K-Pop group BTS will serve in the South Korean army


The seven members of BTS, one of the biggest groups in the worldwill serve in the military in South Korea, according to their agency, ending a long national debate over whether they should be expelled.

Each member of the group will spend nearly two years in the military, contrary to the expectations of many K-pop fans who had hoped they would receive preferential treatment in recognition of their contributions to South Korea’s economy and international status.

As soon as he turns 30 in December, Jin, the group’s senior member, will be the first to ditch his stage attire in favor of a uniform, according to sources. According to their management organization, Big Hit Music, the remaining six members of the group, who were born between 1993 and 1997, will follow suit.

The group is expected to reunite around 2025. BTS members are honored to serve, according to Big Hit, a division of the group’s management company Hybe, which announced Monday that the members are “continuing with plans to perform their military service.”

The announcement also stated that “group member Jin will begin the process as soon as his schedule for his solo release ends at the end of October.” “Other members of the group intend to serve in the military according to their plans.”

To keep South Korea’s military prepared for a potential attack from North Korea, with which it is still nominally at war, all able-bodied men under the age of 30 are required to serve between 18 and 21 months in the military.

K-Pop group BTS to serve in South Korean army (1)
K-Pop group BTS to serve in South Korean army (1)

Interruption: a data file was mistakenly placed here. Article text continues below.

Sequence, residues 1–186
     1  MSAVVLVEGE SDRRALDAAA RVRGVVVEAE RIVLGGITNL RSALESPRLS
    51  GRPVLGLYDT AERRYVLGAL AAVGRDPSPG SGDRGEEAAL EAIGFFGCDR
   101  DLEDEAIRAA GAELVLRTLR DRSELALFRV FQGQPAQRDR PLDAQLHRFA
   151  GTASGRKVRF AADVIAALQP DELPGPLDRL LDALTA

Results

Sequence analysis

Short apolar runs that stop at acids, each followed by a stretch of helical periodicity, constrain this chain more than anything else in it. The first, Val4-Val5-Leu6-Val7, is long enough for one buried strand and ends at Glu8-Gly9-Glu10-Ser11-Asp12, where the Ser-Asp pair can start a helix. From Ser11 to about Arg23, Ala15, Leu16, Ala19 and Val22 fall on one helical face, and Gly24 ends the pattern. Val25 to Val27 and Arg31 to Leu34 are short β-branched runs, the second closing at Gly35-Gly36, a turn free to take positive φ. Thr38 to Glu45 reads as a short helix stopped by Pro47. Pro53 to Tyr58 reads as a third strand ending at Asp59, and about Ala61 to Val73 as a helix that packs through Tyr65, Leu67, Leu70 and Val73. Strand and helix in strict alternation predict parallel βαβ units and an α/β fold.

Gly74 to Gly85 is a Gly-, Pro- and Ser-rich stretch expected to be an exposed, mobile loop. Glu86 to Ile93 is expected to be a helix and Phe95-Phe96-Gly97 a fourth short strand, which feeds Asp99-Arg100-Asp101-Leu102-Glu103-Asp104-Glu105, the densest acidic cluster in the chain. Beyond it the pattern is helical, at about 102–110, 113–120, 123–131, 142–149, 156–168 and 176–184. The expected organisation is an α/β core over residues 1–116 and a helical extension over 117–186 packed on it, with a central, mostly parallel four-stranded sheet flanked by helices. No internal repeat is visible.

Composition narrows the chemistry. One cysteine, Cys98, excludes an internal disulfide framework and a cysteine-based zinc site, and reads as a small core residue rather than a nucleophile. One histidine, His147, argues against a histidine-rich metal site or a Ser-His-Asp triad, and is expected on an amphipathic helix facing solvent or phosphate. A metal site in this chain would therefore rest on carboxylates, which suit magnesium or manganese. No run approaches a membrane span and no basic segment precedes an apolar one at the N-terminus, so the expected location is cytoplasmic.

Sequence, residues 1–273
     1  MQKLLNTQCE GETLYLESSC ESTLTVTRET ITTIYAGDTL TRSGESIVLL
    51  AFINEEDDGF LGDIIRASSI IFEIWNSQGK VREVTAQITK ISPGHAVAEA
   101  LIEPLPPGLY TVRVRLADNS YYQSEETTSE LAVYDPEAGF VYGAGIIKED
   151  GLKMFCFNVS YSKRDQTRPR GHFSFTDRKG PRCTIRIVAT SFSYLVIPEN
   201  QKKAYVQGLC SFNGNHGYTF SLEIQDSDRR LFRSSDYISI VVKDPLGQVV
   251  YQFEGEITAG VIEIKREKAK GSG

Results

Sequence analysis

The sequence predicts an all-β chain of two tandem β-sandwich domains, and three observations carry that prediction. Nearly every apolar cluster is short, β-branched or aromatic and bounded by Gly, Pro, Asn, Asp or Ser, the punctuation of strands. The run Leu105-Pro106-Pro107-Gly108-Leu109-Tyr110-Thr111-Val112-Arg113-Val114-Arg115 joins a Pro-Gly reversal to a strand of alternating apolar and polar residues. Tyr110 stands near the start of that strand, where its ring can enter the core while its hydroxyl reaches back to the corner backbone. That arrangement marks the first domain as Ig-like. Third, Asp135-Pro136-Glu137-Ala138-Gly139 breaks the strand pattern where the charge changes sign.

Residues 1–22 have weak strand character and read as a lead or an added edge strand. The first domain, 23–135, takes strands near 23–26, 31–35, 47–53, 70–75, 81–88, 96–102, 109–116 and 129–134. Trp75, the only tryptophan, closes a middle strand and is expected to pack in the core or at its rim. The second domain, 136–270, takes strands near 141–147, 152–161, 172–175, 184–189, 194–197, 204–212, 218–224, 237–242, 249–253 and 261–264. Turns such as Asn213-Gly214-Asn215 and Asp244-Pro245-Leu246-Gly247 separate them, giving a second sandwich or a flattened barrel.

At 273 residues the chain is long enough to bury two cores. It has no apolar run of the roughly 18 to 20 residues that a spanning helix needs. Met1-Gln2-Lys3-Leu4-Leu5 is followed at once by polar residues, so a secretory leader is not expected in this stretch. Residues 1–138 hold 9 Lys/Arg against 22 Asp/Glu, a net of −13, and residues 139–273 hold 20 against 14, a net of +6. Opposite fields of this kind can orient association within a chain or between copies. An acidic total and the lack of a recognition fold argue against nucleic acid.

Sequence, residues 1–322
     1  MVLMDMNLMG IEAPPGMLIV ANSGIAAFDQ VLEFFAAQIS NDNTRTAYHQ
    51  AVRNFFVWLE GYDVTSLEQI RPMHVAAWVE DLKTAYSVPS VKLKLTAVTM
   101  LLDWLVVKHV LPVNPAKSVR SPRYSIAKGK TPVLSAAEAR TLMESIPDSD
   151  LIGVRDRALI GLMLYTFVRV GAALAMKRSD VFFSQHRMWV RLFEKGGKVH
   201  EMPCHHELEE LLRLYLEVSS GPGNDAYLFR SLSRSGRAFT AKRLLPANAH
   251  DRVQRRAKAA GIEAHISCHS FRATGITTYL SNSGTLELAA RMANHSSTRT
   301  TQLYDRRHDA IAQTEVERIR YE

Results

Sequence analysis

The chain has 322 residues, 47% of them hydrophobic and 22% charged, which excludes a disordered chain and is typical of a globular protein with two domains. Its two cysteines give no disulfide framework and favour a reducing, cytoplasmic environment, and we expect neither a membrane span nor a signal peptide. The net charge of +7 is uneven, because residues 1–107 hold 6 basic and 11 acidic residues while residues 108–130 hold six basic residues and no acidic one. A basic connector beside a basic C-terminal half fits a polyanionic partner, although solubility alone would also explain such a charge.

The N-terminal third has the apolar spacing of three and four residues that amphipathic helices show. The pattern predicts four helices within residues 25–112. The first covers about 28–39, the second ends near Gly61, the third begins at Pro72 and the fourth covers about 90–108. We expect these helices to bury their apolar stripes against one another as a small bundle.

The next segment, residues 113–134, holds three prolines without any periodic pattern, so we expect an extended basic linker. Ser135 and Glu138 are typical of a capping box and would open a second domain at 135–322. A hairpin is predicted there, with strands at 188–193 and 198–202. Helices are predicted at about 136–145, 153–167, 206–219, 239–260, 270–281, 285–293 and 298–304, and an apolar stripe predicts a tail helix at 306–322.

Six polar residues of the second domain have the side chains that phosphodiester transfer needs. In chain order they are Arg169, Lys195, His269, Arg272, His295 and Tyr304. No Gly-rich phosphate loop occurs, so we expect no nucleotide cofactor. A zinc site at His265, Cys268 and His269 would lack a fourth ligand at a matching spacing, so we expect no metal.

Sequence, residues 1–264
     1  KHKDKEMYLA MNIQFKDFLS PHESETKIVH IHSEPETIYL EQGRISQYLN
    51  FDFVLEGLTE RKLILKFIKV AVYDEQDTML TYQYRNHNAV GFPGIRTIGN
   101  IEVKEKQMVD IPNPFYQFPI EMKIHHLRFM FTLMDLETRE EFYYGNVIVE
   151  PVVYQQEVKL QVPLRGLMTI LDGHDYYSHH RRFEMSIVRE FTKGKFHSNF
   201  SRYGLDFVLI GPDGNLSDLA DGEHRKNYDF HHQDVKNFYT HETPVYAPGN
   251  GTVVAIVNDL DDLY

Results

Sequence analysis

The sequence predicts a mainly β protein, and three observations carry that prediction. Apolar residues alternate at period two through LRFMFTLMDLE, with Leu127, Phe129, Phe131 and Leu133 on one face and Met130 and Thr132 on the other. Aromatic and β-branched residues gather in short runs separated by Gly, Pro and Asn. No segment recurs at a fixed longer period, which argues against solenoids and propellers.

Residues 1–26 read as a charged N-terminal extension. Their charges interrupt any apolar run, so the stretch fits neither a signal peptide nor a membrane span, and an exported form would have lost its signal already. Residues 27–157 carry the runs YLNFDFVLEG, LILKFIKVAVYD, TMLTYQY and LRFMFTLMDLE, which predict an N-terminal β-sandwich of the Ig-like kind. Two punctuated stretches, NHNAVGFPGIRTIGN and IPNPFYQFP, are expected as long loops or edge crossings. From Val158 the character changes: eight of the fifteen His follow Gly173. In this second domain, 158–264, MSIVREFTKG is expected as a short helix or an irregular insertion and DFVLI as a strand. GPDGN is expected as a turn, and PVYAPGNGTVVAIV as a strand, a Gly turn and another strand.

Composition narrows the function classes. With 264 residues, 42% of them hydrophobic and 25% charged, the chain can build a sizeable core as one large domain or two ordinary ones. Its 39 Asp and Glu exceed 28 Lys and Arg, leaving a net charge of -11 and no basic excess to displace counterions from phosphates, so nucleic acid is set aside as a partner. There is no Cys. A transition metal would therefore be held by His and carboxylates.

Some famous South Koreans, including Olympic and Asian Games medalists as well as award-winning classical musicians and dancers, have been granted exemptions or allowed to participate in alternative public duties.

They include Tottenham’s Son Heung-min, a gold medalist at the 2018 Asian Games, and Seong-jin Cho, the first Korean musician to win the International Chopin Piano Competition. Despite concerns that it would lead to accusations of favoritism, particularly from other young men who are due to serve, several South Korean lawmakers have expressed support for an exemption.

In South Korea, refusing to serve in the military is a crime that can lead to imprisonment and social stigma. Actor and singer Steve Yu learned this the hard way when he was deported and barred from entering the country after avoiding the draft by naturalizing as a US citizen in 2002, months before he was drafted.

You avoided the draft by becoming a US citizen. Ensuring fairness in the nation’s military debt, Lee Ki-sik, commissioner of the military administration, told lawmakers earlier this month that it would be “ideal” for the group’s members to fulfill their military duties.

The choice was made months after BTS announced that they would be taking a break from being a group to focus on their solo projects. To support Busan’s bid to host the 2030 World Expo, the group came together to perform a free concert there on Saturday.

On their way to topping the US and UK charts, the Grammy-winning group sold more than 30 million albums worldwide and received two Grammy Award nominations.

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